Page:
“Oh, darling, I can scarcely believe it.” she murmured, smiling, and gazing up with her large soft eyes into his, “it seems to me like heaven, that I can look, and speak, and say everything without danger, or any more concealment, and always have my Ry with me—never to be separated again, you know, darling, while we live.”
“Poor little woman,” said he, fondly, looking down with an answering smile, “she does love me a little bit, I think.”
“And Ry loves his poor little bird, doesn’t he?”
“And we’ll be so happy!”
“I hope so, darling.”
“Hope ?” echoed she, chilled, and a little piteously.
“I’m sure of it, darling—quite certain,” he repeated, laughing tenderly; “she’s such a foolish little bird, one must watch their phrases; but I was only thinking—I’m afraid you hardly know what a place this Carwell is.”
“Oh, darling, you forget I’ve seen it—the most picturesque spot I eyer saw—the very place I should have chosen—and any place you know, with you I But that’s an old story.”
His answer was a kiss, and—
“Darling, I can never deserve half your love.”
“All I desire on earth is to live alone with my Ry.”
“Yes, darling, we’ll make out life very well here, I’m sure—my only fear is for you. I’ll go out with my rod, and bring you home my basket full of trout, or sometimes take my gun, and kill a hare or a rabbit, and we’ll live like the old Baron and his daughters in the fairy-tale—on the produce of the streams, and solitudes about us—quite to ourselves; and I’ll read to you in the evenings, or we’ll play chess, or we’ll chat while you work, and I’ll tell you stories of my travels, and you’ll sing me a song, won’t you ?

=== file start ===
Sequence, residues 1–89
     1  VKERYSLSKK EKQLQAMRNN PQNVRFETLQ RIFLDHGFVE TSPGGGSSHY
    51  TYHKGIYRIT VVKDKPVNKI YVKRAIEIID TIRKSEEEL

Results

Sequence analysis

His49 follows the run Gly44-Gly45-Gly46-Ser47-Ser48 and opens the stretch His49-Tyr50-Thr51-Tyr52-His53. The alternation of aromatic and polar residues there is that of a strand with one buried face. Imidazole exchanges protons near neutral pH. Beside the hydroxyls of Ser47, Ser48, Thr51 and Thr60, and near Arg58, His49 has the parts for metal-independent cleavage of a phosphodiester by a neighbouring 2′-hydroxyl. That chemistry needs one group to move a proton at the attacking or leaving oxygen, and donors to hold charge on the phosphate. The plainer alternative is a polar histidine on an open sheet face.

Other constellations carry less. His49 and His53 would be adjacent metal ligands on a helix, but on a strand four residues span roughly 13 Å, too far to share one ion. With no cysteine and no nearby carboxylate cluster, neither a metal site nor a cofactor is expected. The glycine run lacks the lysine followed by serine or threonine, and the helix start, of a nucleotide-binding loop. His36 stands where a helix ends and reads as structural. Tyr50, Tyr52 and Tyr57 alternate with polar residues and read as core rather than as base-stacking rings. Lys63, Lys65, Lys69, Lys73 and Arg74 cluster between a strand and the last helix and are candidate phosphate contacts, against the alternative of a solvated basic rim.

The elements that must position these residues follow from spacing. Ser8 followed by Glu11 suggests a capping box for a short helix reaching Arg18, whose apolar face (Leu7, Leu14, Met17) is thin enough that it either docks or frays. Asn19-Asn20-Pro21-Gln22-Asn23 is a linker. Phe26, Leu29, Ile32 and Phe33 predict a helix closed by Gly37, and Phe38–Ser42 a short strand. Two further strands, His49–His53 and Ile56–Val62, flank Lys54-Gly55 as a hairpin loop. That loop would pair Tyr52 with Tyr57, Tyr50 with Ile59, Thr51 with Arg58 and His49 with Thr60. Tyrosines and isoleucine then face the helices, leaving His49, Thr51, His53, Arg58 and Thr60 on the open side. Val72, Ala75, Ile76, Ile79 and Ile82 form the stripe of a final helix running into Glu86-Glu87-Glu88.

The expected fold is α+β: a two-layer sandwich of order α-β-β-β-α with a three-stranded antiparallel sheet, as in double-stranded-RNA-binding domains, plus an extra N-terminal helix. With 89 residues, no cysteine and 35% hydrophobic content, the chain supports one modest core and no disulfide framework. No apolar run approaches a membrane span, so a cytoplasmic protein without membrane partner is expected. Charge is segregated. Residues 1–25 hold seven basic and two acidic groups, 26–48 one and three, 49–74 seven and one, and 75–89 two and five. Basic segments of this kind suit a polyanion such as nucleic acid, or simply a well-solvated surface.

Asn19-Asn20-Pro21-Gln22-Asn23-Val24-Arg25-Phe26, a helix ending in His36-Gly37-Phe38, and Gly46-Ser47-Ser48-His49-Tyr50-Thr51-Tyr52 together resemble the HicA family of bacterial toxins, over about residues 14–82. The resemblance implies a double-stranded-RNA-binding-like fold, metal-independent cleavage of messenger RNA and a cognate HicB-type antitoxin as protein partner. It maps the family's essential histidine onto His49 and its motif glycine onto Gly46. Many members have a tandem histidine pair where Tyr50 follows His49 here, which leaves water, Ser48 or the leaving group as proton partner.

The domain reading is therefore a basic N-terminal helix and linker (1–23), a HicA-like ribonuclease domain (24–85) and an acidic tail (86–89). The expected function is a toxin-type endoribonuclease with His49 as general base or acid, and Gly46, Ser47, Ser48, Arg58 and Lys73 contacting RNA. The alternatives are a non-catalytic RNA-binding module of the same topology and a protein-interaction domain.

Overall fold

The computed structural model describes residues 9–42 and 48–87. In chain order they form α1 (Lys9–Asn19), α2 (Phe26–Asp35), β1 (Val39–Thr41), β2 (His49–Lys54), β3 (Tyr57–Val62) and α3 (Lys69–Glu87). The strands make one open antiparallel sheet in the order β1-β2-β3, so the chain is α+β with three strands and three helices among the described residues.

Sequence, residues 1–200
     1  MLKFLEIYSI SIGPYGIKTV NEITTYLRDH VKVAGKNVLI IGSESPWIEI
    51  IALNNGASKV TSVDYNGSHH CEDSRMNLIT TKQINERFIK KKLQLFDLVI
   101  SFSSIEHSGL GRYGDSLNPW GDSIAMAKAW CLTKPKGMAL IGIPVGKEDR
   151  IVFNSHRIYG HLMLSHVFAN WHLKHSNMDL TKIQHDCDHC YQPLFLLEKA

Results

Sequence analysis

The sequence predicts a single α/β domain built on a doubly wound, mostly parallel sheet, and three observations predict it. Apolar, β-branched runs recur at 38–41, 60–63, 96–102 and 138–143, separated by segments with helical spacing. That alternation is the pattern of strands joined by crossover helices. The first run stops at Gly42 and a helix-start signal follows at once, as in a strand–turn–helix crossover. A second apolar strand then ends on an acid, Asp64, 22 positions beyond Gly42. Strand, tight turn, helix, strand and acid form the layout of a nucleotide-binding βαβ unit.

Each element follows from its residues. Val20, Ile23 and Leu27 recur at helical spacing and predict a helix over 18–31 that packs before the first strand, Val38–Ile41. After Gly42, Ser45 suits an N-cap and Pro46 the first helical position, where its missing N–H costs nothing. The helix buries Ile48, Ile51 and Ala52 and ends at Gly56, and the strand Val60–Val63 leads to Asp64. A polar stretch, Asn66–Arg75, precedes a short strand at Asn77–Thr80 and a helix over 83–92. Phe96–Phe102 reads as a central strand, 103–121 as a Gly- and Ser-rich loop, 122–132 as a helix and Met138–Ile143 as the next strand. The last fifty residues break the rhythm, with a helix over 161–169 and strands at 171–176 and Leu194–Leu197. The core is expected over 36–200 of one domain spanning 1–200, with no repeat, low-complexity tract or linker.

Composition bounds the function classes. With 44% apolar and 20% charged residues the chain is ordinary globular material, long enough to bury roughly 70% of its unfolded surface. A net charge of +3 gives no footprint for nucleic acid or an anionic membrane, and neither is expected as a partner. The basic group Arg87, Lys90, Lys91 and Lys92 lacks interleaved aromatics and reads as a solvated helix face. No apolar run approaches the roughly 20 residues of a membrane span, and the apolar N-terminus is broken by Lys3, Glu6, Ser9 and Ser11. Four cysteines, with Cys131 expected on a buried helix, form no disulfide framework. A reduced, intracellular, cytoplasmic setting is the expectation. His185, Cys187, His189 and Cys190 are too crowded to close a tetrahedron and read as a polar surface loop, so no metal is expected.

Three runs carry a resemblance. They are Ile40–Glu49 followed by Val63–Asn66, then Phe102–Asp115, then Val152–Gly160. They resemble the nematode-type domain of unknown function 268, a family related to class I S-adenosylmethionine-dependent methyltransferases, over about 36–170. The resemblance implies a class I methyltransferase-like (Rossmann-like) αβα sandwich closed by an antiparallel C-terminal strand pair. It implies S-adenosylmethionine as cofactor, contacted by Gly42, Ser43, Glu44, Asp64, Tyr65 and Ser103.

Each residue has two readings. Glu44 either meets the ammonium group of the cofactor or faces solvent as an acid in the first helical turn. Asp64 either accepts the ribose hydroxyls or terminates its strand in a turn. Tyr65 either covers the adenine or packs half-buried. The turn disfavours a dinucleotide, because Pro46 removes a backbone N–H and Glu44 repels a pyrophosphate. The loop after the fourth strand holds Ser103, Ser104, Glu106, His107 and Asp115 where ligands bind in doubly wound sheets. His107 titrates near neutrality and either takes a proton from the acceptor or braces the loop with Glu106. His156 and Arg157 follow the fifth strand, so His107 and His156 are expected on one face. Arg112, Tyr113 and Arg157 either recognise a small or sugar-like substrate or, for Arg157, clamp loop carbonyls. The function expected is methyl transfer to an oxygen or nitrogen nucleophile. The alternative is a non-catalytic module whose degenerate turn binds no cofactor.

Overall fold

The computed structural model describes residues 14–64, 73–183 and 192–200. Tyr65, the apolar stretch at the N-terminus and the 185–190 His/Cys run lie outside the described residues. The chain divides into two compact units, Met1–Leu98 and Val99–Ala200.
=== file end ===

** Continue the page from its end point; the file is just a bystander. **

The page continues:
“Too delighted—singing for joy,” said little Alice, in a rapture at his story of the life that was opening to them, “oh, tell more.”
“Well—yes—and you’ll have such pretty flowers.”
“Oh, yes—flowers—I love them—not expensive ones—for we are poor, you know; and you’ll see how prudent I’ll be—but annuals, they are so cheap—and I’ll sow them myself, and I’ll have the most beautiful you ever saw. Don’t you love them, Ry?”
“Nothing so pretty, darling, on earth, except yourself.”
“What is my Ry looking out for?”
Charles Fairfield had more than once put his head out of the window, looking as well as he could along the road in advance of the horses.
“Oh, nothing of any consequence, I only wanted to see that our man had got on with the horse, he might as well knock up the old woman, and see that things were, I was going to say, comfortable, but less miserable than they might be.”
He laughed faintly as he said this, and he looked at his watch, as if he did not want her to see him consult it, and then he said—
“Well, and you were saying—oh—about the flowers—annuals—Yes.”
And so they resumed. But somehow it seemed to Alice that his ardour and his gaiety were subsiding, that his thoughts were away, and pale care stealing over him like the chill of death. Again she might have remembered the ghostly Wilhelm, who grew more ominous and spectral as he and his bride neared the goal of their nocturnal journey.
“I don’t think you hear me, Ry, and something has gone wrong,” she said at last in a tone of disappointment, that rose even to alarm.
“Oh! tell me, Charlie, if there is anything you have not told me yet? you’re afraid of frightening me.”
“Nothing, nothing, I assure you, darling; what nonsense you do talk, you poor foolish little bird. No, I mean nothing, but I’ve had a sort of quarrel with the old man; you need not have written that letter, or at least it would have been better if you had told me about it.”
“But, darling, I couldn’t, I had no opportunity, and I could not leave Wyvern, where he had been so good to me all my life, without a few words to thank him—and to entreat his pardon; you’re not angry, darling, with your poor little bird?”
“Angry, my foolish little wife, you little know your Ry; he loves his bird too well to be ever angry with her for anything, but it was unlucky, at least his getting it just when he did, for, you may suppose, it did not-improve his temper.”
“Very angry, I’m afraid, was he? But though he’s so fiery, he’s generous; I’m sure he’ll forgive us, in a little time, and it will all be made up; don’t you think so?”
“No, darling, I don’t. Take this hill quietly, will you?” he called from the window to the driver; “you may walk them a bit, there’s near two miles to go still”